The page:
So, Apple is big on security. Which is a good thing. But sometimes, it is too strict. I’m busy remodelling my homelab, and one of the actions is reïnstalling a clean vCenter appliance. And I thought let’s do it from the CLI !!!
Yeah…. so I ran vcsa-deploy and got the error that the app is downloaded from the internet and not to be trusted. So you can allow it via the system preferences, but the MAC OSx gatekeeper keeps irritating you with all the warnings about the libraries that are loaded
Yes, certificate missery. In the wisdom of great corperations, for our safety, it is deiced that the maximum SSL/TLS certificate validity is one year. Yes, really… don’t believe me, just check this search for it ssl lifetime 1 year at DuckDuckGo
From the security side of things this is a good thing. Because it mitigates the risk of a hacked certificate. But from an administration point of view….. HEADACHE. Especially for certificates that are used internally in your production sites. Now you need to replace the certificates every year for your servers. At least for those servers that run web services because your browser is going to nag you that the site isn’t safe anymore. Yes another warning. And you know what happens to warnings, in the end they will think for you, and won’t allow you to access the website anymore.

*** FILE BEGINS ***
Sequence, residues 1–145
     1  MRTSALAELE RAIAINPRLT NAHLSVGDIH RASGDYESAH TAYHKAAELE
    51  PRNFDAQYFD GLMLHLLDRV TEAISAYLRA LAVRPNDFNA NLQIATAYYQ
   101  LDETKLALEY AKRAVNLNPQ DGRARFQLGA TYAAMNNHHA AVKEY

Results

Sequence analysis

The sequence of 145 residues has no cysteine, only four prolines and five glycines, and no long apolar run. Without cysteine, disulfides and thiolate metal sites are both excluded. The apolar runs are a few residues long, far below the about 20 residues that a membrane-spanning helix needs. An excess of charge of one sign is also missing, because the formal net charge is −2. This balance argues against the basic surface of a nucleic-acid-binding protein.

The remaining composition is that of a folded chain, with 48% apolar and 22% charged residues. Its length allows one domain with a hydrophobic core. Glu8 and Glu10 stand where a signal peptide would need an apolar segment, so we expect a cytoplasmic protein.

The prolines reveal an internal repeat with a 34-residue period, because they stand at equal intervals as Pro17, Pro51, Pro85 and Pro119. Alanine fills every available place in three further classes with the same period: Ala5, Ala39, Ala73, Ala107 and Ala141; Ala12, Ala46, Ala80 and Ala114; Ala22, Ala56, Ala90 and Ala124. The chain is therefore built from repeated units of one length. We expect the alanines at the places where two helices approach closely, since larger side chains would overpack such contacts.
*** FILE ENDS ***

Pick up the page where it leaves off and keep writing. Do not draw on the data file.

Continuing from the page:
so SSL certificate monitoring becomes more importent, and having a plan / replacement strategy for SSL certificates would be a good thing to have. Do you have an up-to-date overview of all the SSL certificates in your network ? Maybe a good idea to have it up-to-date and monitor them.